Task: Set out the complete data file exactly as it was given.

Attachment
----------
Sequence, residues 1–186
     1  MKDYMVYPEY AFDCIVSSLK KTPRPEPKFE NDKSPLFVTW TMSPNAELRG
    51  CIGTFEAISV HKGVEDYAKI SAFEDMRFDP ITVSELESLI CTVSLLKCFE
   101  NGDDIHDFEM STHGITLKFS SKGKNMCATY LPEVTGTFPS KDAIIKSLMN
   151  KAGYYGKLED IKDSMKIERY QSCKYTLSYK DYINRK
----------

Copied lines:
Sequence, residues 1–186
     1  MKDYMVYPEY AFDCIVSSLK KTPRPEPKFE NDKSPLFVTW TMSPNAELRG
    51  CIGTFEAISV HKGVEDYAKI SAFEDMRFDP ITVSELESLI CTVSLLKCFE
   101  NGDDIHDFEM STHGITLKFS SKGKNMCATY LPEVTGTFPS KDAIIKSLMN
   151  KAGYYGKLED IKDSMKIERY QSCKYTLSYK DYINRK